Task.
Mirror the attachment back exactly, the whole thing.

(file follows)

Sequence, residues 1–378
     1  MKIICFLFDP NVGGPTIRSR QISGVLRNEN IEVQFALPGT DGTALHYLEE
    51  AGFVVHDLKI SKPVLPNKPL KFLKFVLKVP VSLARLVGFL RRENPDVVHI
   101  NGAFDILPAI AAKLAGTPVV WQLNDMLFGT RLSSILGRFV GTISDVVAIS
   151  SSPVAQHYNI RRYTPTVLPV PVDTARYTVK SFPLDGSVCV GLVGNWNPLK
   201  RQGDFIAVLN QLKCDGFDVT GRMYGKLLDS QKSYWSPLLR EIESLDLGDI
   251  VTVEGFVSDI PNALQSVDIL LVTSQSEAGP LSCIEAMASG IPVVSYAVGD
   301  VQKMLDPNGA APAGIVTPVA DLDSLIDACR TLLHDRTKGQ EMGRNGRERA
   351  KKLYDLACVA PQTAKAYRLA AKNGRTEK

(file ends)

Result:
Sequence, residues 1–378
     1  MKIICFLFDP NVGGPTIRSR QISGVLRNEN IEVQFALPGT DGTALHYLEE
    51  AGFVVHDLKI SKPVLPNKPL KFLKFVLKVP VSLARLVGFL RRENPDVVHI
   101  NGAFDILPAI AAKLAGTPVV WQLNDMLFGT RLSSILGRFV GTISDVVAIS
   151  SSPVAQHYNI RRYTPTVLPV PVDTARYTVK SFPLDGSVCV GLVGNWNPLK
   201  RQGDFIAVLN QLKCDGFDVT GRMYGKLLDS QKSYWSPLLR EIESLDLGDI
   251  VTVEGFVSDI PNALQSVDIL LVTSQSEAGP LSCIEAMASG IPVVSYAVGD
   301  VQKMLDPNGA APAGIVTPVA DLDSLIDACR TLLHDRTKGQ EMGRNGRERA
   351  KKLYDLACVA PQTAKAYRLA AKNGRTEK